Since the days of the Collier Brothers in Manhattan first responders have been
dealing with the affects of compulsive hoarding disorder. The ChamberofHoarders.com is a website dedicated to teaching educating first responders on the needed changes to tactics and challenges they will face when entering the hoarding environment. From bio-hazards during a medical response to a working structural fire hoarding offers dangers that can affect responders for years.
The mission of this website is to deliver actionable content that you can put to action immediately. Starting with this post we would like to walk you through the causes, challenges, and solutions when dealing with the conditions caused by compulsive hoarding. Over the next 52 weeks we will be posting fresh content that offers insight into the disorder and how to change our operations to bring everyone home safe.
History of Compulsive Hoarding: Week 1
Compulsive Hoarding Disorder is defined as the accumulation of and failure to discard a large amount of belongings that have no apparent value, the accumulation makes living spaces unusable, and causes significant distress on the occupant (Frost and Hartl 1996) This clinical definition describes the inability to discard belongings that eventually accumulate from floor level until, eventually, ceiling height. Compulsive Hoarders receive positive feelings from the acquiring belongings and are unable to part with them because of the negative feelings they receive when parting with them.
This collection often is comprised of things that you and I would consider to have little value. Common items collected include:
These items can differ in each case of hoarding, depending on the afflicted’s compulsion.
It’s believed that Compulsive Hoarding Disorder affects between 700,000 - 1 million people. (Hoarding Handbook… Bratiotis,C, Steketee (2011) Many think that this number is lower than the actual number. Many cases of hoarding go unreported as the affected person often feels ashamed or embarrassed by their disorder. They don’t want “discovered” or “exposed” and often stay hidden inside their homes without allowing anyone to enter, including family members. Not allowing visitors inside will often keep the conditions hidden until an emergency happens and we, the first responders, find the conditions as we make entry to solve the problem.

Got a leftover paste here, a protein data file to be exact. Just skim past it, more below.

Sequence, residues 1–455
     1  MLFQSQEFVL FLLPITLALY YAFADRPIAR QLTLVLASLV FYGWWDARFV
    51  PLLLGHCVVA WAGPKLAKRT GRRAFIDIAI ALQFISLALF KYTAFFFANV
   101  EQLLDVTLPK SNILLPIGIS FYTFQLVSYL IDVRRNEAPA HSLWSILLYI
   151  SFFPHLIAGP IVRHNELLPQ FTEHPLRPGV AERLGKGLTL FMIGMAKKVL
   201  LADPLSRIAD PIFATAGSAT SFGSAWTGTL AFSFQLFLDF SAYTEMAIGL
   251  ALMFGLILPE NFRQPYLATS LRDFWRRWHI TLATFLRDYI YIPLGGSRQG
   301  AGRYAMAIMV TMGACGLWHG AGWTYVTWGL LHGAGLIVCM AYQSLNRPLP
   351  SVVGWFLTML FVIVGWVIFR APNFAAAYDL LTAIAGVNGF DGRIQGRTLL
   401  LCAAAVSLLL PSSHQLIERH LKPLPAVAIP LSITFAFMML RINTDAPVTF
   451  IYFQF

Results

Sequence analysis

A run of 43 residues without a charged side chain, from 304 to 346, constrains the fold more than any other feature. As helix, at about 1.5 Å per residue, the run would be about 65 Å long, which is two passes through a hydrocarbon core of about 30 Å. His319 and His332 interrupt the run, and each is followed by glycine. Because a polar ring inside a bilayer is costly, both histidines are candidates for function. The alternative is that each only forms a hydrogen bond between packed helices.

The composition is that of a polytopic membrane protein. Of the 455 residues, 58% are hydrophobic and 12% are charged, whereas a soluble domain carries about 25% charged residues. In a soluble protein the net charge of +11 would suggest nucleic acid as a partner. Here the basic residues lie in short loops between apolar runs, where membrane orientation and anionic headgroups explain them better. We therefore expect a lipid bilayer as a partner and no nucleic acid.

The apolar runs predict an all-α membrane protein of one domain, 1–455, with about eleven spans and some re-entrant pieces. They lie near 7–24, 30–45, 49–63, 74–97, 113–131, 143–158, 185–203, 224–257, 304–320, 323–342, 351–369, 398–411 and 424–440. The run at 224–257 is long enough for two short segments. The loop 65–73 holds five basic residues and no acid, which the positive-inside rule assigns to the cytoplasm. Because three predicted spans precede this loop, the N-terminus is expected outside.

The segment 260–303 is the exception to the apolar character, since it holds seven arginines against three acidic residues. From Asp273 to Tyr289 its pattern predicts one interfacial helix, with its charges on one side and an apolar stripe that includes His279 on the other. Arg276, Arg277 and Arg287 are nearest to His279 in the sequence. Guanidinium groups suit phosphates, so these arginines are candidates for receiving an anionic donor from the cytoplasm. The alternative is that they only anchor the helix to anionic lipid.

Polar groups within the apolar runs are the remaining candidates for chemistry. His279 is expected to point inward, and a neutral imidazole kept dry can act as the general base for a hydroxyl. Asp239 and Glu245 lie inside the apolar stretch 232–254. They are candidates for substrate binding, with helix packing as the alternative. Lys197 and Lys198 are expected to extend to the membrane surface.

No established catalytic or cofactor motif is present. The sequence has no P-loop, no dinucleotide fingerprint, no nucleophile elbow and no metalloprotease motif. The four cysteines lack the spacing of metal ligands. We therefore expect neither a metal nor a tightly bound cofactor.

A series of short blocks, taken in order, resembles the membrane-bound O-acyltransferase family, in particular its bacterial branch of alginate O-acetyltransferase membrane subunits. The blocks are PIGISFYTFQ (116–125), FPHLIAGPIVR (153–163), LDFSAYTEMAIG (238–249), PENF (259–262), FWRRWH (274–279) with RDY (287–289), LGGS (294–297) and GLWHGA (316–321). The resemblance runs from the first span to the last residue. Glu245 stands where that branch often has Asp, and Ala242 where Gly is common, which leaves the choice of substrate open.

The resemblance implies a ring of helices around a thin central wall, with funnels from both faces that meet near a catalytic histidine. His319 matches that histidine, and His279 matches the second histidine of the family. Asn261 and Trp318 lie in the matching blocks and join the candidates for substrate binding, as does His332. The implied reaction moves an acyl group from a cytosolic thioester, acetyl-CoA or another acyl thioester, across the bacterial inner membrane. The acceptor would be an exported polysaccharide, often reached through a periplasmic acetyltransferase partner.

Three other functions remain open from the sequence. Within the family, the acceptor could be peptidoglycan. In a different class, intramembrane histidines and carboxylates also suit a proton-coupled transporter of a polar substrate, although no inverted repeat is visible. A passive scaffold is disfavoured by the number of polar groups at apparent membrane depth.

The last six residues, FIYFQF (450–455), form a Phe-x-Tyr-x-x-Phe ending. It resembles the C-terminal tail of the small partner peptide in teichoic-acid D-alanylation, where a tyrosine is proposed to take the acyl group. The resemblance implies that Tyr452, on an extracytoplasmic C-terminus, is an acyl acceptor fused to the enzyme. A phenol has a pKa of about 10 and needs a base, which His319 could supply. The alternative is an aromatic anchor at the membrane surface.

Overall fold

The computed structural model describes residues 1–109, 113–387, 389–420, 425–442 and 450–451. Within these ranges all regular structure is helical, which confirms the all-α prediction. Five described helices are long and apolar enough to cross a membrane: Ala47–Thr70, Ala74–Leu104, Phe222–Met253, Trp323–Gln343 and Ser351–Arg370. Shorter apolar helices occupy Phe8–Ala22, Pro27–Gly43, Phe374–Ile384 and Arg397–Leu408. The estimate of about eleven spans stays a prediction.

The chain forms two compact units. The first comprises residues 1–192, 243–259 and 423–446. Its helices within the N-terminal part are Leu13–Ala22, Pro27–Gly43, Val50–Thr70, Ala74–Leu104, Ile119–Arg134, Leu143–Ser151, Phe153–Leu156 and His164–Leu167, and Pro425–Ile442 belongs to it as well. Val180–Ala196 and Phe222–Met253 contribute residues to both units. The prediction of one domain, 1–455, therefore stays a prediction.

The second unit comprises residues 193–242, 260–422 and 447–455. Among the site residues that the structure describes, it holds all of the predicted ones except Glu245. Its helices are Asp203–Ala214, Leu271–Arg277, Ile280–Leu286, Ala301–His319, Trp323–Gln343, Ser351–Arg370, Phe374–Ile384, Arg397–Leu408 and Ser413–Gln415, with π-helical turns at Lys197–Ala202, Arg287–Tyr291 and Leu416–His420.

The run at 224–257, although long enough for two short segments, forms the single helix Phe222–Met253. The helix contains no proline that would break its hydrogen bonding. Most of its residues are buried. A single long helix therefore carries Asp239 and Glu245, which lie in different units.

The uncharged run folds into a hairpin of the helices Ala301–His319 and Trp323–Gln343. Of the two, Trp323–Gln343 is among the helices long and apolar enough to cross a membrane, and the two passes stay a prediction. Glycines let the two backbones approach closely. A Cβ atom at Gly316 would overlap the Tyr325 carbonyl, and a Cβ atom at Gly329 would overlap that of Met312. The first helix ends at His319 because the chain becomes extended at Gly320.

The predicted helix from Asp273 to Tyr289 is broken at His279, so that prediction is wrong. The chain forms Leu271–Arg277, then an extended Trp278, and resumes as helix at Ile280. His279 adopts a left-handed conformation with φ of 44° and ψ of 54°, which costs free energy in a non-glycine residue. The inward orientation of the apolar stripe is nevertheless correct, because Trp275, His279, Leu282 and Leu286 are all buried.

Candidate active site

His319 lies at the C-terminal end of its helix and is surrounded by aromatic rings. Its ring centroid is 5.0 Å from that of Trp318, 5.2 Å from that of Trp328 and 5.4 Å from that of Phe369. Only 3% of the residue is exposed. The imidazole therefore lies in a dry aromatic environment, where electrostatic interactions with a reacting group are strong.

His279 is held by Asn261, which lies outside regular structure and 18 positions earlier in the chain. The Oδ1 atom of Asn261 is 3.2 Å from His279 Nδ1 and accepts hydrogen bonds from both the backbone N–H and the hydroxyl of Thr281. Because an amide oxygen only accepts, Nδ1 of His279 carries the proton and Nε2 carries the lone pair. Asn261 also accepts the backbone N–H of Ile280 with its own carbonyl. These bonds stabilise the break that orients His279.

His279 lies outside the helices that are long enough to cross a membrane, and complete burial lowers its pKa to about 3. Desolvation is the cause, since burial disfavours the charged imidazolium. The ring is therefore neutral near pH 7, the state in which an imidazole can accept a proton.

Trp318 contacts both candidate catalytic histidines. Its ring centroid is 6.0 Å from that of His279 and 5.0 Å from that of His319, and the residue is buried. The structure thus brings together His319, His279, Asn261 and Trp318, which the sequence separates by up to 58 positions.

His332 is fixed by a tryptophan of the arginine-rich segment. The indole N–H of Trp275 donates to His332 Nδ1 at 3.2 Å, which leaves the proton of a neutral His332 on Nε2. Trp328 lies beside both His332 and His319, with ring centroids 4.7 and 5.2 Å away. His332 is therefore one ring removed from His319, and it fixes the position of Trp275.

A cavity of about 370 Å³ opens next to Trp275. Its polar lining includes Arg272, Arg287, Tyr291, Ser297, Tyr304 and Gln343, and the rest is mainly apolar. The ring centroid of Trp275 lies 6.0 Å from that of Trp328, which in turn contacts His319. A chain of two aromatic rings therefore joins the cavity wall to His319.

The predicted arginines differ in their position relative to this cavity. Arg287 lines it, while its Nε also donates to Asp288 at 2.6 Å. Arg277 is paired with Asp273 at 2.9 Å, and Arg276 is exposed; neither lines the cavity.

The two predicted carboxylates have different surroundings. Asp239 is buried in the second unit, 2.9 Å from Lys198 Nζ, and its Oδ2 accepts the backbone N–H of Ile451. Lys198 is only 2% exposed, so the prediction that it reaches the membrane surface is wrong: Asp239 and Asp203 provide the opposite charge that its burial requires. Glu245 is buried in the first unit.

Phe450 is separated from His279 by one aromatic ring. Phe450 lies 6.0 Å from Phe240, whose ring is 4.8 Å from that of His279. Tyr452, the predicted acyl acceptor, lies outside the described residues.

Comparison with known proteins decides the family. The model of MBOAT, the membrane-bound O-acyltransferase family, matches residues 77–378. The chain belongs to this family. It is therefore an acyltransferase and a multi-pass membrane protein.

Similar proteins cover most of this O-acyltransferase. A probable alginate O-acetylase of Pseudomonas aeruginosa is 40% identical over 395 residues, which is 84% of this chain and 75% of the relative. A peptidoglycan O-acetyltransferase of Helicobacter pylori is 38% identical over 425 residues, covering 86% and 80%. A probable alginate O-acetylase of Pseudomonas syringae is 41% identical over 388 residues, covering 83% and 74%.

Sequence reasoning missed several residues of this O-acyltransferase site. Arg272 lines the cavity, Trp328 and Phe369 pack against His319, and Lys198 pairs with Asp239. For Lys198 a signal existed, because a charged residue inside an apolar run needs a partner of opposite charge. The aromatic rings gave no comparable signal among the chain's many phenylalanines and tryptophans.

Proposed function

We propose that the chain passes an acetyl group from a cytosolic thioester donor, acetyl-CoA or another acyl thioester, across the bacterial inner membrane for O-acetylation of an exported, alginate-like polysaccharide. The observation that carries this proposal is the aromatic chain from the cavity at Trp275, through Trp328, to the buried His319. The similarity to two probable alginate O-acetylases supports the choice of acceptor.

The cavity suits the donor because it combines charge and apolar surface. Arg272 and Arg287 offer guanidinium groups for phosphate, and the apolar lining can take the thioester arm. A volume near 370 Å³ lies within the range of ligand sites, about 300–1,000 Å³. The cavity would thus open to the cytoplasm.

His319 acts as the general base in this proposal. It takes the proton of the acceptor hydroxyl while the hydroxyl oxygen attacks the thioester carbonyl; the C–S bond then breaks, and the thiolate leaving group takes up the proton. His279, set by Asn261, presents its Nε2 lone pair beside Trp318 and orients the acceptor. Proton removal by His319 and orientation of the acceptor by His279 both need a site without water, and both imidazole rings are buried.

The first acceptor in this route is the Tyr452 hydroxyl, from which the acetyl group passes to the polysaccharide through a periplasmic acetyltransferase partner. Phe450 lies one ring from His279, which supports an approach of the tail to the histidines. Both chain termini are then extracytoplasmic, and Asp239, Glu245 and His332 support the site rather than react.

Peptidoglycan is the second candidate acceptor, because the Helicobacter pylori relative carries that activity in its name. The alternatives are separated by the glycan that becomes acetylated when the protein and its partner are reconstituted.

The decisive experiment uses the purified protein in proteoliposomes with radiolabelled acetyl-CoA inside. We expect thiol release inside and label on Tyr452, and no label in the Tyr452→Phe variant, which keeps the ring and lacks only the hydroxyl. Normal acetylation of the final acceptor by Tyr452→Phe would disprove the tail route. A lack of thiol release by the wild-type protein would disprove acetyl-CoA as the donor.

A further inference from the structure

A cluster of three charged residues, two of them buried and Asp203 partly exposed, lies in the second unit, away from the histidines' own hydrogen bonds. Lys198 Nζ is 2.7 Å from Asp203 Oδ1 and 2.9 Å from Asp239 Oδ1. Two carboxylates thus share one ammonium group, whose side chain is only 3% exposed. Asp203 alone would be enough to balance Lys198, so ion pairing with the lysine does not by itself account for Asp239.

Dealing with surprise can be one of the biggest challenges to first responders. Imagine responding to a seemingly normal looking home, just to open the door and find a labyrinth of belongings that reach to the ceiling. Most often the hoarding is discovered during a routine emergency medical call or fall assist. If you discover these conditions during one of these types of responses you need to start the pre-fire process in motion to establish a “Heavy Content” environment. Getting the information should be processed through your departments normal pre -fire planning process for constancy. Adding the plan to the normal collection of multi-family and high hazards buildings will make the plan available to the street level responders.
Having an understanding of the complexities associated with Compulsive Hoarding Disorder is required by the responders left to deal with the mess. It is a complex disorder that is NOT A CHOICE. We can not cast judgement or compare their living conditions with ours. Remember in their eyes belongings are valuable and not just trash laying around. Using a layer of compassion and understanding when dealing with the occupants will lead to a more successful outcome. This care should be taken in non life threatening conditions to understand, explain, and support them. Treating them like a beloved family member is a great method of supporting their emotional needs.
If you are mean spirited and use terms such as “trash house” or “hoarder” they can have severe reactions to yourself and crew, sometimes violent reactions. One example of this type of reaction occurred in Long Beach California as a code enforcement official showed up to a home to serve notice. The occupant shot the code enforcement officer in the head.
“Code enforcement officers arrived at the home about 8 a.m. Thursday to serve an inspection warrant in response to hoarding complaints. When they arrived he fired at them, police said, hitting one of the code officers in the head.” source La Times
This illustration should help us all understand how strong the compulsion to protect their belongings is. How threatened do you think a person would have to be in order to shoot a code enforcement officer? We all should keep this illustration in mind as we respond to hoarding conditions to ensure we all come home safe.
Thanks for stopping by chamberofhoarders.com as we begin the year long journey of discovery…..
As always you can learn more about Hoarding in our online Learning Center… Click Here!